Paintball a Grizzly? USFWS Clarifies Bear Hazing Laws

The USFWS released a secretarial order that defines how state wildlife management agencies and residents can deter grizzly bears
grizzly bear
The USFWS has clarified rules around deterring grizzly bears. NPS.Gov

Ranchers and landowners in Montana will now have the liberty to pop a grizzly bear with a paintball, and not risk a ticket from the feds.

Now they may risk a mauling from an angry and colorful bear, but that’s another story.

Here’s the deal. Grizzly bears are protected in Montana under the Endangered Species Act. Under that law, it’s illegal to harm or harass protected species, except when defending human life.

Grizzly bears are also growing in number in Montana, expanding farther out of the mountains and into the prairies. In the prairies, they are more likely to get into conflict with ranchers and other rural property owners. Those folks wanted some way to deter bears, and plans to hunt them have been held up in federal court.

This week the US Fish and Wildlife Service, which administers the Endangered Species Act, released a secretarial order that defines how state wildlife management agencies and residents may legally harass grizzly bears, without getting sideways with the law. This being 2020, the Montana Department of Fish Wildlife & Parks announced the new rules on, you guessed it, Facebook.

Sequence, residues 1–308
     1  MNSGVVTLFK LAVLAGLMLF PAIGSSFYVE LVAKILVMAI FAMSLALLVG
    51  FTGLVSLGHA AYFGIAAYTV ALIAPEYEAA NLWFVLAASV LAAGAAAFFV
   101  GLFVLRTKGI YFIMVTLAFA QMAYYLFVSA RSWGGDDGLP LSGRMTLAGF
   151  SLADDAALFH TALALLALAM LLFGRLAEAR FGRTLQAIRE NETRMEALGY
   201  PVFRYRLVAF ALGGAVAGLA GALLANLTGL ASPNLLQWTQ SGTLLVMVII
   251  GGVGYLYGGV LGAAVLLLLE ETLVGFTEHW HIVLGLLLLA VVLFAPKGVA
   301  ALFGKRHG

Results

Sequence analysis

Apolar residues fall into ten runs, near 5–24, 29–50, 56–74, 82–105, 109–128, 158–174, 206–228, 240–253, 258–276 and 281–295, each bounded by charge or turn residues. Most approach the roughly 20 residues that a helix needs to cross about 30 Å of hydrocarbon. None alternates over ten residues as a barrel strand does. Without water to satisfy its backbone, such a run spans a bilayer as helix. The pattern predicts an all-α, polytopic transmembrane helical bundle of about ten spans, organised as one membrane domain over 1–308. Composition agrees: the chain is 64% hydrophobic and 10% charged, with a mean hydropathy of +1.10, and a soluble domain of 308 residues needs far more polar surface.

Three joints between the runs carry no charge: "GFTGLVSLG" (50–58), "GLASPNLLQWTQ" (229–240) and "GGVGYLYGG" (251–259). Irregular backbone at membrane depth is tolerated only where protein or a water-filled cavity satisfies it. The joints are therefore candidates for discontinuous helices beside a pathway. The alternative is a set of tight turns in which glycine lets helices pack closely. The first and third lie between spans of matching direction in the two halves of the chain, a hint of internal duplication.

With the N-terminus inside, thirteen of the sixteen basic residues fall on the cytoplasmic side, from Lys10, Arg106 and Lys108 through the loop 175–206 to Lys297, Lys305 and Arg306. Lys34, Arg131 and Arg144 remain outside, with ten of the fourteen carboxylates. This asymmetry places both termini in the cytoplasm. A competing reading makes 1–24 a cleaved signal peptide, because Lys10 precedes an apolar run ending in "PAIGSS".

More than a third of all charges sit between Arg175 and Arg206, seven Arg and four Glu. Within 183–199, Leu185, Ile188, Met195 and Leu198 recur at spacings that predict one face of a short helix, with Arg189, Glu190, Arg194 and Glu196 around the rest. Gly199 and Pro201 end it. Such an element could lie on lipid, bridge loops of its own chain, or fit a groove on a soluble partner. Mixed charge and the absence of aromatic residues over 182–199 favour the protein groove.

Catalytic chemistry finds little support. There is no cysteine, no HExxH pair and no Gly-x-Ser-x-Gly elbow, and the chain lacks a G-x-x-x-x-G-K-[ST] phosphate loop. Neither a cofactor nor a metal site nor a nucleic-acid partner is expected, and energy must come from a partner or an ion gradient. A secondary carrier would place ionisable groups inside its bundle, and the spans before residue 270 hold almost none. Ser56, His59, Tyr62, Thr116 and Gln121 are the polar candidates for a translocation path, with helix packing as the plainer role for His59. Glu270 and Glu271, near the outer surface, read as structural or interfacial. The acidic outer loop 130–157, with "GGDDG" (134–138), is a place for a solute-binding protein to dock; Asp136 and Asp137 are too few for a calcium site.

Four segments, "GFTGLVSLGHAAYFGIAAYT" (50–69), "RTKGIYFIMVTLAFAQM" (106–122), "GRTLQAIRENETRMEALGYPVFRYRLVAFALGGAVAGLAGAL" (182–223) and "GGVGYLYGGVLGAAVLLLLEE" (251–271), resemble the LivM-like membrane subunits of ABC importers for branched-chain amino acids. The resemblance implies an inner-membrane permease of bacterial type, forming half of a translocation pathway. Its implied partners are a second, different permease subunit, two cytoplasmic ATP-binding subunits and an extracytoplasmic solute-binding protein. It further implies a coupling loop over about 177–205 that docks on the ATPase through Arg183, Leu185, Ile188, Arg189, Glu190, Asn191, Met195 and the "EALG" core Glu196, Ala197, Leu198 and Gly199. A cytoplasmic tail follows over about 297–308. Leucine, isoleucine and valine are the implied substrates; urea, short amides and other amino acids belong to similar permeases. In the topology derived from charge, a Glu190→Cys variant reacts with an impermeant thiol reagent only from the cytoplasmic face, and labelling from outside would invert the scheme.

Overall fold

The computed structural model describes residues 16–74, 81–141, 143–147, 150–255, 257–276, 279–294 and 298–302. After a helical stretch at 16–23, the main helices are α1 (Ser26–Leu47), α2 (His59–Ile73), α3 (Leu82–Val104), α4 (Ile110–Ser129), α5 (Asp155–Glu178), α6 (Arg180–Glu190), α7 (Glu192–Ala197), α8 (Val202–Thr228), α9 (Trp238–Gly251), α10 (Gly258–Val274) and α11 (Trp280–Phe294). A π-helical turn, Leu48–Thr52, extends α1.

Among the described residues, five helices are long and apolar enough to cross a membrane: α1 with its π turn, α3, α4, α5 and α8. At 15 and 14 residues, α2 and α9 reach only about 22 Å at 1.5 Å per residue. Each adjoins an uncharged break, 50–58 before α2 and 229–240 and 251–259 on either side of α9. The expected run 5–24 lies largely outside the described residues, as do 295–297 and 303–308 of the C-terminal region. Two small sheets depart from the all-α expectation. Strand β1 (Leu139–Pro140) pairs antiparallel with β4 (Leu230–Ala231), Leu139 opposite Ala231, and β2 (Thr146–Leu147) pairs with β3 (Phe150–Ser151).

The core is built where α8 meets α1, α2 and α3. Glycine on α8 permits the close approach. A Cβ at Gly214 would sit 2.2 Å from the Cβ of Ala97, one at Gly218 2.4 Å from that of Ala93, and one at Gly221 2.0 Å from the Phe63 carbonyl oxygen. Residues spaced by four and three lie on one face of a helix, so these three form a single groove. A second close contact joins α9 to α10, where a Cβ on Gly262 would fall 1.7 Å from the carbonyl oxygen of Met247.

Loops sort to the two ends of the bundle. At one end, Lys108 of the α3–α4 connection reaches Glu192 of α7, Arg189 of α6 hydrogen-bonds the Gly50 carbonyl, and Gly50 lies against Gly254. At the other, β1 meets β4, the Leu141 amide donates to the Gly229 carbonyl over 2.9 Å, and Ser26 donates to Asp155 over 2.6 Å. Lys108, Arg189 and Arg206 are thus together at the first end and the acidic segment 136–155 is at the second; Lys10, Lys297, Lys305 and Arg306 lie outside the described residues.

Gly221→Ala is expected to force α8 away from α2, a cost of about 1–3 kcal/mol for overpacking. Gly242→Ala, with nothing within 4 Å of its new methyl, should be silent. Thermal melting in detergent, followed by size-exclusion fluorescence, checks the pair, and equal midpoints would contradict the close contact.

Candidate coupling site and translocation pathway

Under the new rules, paintballs and noise-making shotgun shells called “cracker” shells are now permissible hazing techniques. Other techniques include bullhorns, flashing lights, motor vehicles, and “golf-ball sized” rocks and slingshots with marbles. The old standby of banging pots and pans is OK too.

The federal order also notes that grizzly bears may be attracted to paint ball residue, so folks should clean up if they miss.

Some ordnance are still off-limits because they are either too dangerous for bears or human bystanders. Prohibited items include: screamers and whistlers; rubber bullets and rubber batons; shotgun shells loaded with bean bags and aero sock rounds.

Montana’s FWP’s Facebook post read: “Many people have been using these aversive conditioning methods for years, but previously we were operating in a legal gray zone – this order now specifically allows landowners to use these useful and effective conflict prevention tools! Hazing is imperative for keeping bears afraid of people and away from our residences and infrastructure.”

The secretarial order ends by advocating for avoiding trouble in the first place.

“Livestock owners and rural residents should take measures to prevent or minimize losses from predation through good husbandry and strategic use of pro-active deterrent methods such as electric fence, guard animals and human presence.”